$10.07 used, $695.00 new on eBay
- Target: Renegade (2012 on Windows)
Description official descriptions
Mr. Big is back in town, and this time he's captured your brother! He's being held at Big's Pig Pen which is located on the upper side of town. The problem is, every gang in the city is out looking for you. It is now up to you to beat the odds and rescue your brother. You start the game armed only with your fists, and along the way there are some additional weapons to be found such as baseball bats or garbage cans. Gameplay is an arcade style side scrolling action game for one player.
Credits (Commodore 64 version)
Average score: 67% (based on 21 ratings)
Average score: 3.0 out of 5 (based on 31 ratings with 1 reviews)
This game's prequel, Renegade, was arguably the grandfather of the scrolling (of flip screen) beat-em-up genre. A genre famous for big beautiful sprites and the illusion of depth in a time when games were usually lacking in content.
Target Renegade managed to improve and expand vastly on the controls and ideas put forward in the original game, developing the feeling of progress that comes with simply moving from left to right (and in some cases, top to bottom) of a level.
The 128K spectrum version stands out as one of the most carefully balanced games of its kind and of its time, putting it worlds ahead of its C64, Amstrad and NES counterparts. The game's inclusion of the ability to grab and pummel an enemy was only improved upon by the elaborate grab sequences in the much later "Streets Of Rage" while a powerful jumping kick made the absolute most of the extremely few frames required to animate it. Playability was chunky and fun while the character graphics were extremely well grounded and animated.
The Music was a fantastic blend of the inappropriate and macabre, its tinkling tones giving the game a sinister undertone for the most part, except for level 2 which alone, stays with the classic beat-em-up style of music. For the most part though, the music suitably spooked the 10 year old player that the game was intended for (that would be me) into a vague, compelling feeling of fight or flight.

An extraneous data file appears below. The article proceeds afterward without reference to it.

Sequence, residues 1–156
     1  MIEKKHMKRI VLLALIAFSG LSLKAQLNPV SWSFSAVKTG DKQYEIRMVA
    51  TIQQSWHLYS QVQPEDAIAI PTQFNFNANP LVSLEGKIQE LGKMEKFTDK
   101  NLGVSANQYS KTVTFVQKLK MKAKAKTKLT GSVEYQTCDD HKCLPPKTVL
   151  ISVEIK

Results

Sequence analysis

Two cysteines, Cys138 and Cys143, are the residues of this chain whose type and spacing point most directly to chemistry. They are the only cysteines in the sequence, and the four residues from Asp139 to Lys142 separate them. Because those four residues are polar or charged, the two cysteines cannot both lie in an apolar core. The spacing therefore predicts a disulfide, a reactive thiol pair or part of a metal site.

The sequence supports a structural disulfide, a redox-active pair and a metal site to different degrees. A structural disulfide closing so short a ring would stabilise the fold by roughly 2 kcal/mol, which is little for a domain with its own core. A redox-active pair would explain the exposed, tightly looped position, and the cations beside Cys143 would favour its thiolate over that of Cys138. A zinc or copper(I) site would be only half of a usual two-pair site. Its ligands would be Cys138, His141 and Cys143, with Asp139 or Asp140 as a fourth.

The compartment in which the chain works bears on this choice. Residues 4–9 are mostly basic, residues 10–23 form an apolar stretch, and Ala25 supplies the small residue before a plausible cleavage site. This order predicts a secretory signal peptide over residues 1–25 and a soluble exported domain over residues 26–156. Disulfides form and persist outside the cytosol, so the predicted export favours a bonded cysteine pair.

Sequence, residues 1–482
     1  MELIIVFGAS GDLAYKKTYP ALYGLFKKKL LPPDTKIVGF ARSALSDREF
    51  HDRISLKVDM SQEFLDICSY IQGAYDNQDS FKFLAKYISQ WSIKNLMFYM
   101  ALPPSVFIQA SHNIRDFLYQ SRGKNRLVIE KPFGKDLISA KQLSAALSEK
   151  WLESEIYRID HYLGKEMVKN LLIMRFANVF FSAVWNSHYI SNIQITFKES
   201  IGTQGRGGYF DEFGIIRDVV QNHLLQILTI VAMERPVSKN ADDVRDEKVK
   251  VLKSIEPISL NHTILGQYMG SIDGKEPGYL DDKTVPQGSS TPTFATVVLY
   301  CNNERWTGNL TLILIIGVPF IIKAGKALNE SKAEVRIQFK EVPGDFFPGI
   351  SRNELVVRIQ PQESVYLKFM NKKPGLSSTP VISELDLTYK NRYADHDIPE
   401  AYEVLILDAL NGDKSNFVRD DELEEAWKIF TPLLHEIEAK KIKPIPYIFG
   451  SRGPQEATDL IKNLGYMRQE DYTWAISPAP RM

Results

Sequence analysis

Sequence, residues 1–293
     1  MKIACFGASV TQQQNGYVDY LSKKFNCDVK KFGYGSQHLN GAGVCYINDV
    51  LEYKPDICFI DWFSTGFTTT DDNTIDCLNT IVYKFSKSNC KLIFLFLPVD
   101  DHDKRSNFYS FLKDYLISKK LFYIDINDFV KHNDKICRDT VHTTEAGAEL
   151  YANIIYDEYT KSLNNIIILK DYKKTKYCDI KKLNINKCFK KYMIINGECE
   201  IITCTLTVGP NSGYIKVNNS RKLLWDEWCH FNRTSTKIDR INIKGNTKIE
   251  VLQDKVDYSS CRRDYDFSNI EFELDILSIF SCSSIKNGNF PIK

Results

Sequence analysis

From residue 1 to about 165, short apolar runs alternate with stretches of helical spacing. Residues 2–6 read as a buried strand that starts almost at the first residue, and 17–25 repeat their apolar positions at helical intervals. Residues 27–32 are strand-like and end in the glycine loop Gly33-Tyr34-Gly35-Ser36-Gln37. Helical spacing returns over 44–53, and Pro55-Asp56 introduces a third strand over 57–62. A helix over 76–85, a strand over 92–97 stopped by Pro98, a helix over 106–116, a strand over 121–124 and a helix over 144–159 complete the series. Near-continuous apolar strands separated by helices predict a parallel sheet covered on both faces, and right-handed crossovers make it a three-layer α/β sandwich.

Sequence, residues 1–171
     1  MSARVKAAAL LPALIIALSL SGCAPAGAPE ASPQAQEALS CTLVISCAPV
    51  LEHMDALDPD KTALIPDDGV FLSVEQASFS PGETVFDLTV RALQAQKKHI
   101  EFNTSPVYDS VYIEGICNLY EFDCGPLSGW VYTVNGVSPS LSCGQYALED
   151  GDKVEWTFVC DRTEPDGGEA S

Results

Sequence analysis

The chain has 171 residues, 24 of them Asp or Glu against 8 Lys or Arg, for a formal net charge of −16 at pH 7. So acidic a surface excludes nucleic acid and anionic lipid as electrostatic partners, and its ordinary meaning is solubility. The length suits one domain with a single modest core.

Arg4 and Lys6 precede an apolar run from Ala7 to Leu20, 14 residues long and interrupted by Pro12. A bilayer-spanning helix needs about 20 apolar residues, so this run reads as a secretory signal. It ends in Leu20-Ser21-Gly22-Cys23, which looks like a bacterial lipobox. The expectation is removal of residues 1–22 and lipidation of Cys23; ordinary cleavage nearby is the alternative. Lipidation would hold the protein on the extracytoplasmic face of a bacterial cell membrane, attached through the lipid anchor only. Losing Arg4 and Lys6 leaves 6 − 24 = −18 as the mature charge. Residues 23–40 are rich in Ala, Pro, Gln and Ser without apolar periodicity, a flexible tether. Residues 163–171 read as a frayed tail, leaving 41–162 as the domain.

Colour clash has to be the game's biggest sin, though since innovations to minimise on this were yet to be developed (see Shadow Warriors and Golden Axe) it can be easily forgiven.
The lack of a level boss felt like something of a step backward too. This game would have highly benefited from somebody BIG to beat at the end of each level, though the game does have an overall boss and there's a pimp with a gun chasing you through the early screens of the second level. Still, more could have been made of bosses overall.
The Bottom Line
This really is a game to look at in context...
Now, sure, it's a dated old 2D fighting game with tinkly music and background colours running into the sprites. It all seems so formulaic and offers very little in reward and extra content.
But in 1988 the game was an inspired piece of work, triggering off ideas in its piers within the genre and really exciting its target audience. Target Renegade for the Spectrum was worth the discomfort of pushing your whole body weight down on a failing cassette player for two-and-a-half minutes while it loaded, and when looked at with the benefit of context, it's definitely worth the hype!!
ZX Spectrum · by Mike Hanson (311) · 2009
On July 30, 1988, Target: Renegade was put on the infamous German index by the BPjS. For more information about what this means and to see a list of games sharing the same fate, take a look here: BPjS/BPjM indexed games.
A fragment of music theme that plays in the cutscenes between the stages was used in the song Zabivayu by Russian band Narkotiki. The song is generally about gaming.
Unlicensed hack - Double Dragon IV
A hack of Target: Renegade with title screen changed to Double Dragon IV was available on cartridges in Russia and other countries. In fact, until the internet became available in every household, many players from Russia sincerely believed that this was the true Double Dragon IV game.
ZX Spectrum versions
Similar to the precursor, the game was released separately for the 48K and 128K machines. The former suffers the indignity of loading each level in turn, whereas the latter version loads everything in a single go.
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Contributors to this Entry
Game added by Servo.
Game added November 3, 2002. Last modified September 8, 2023.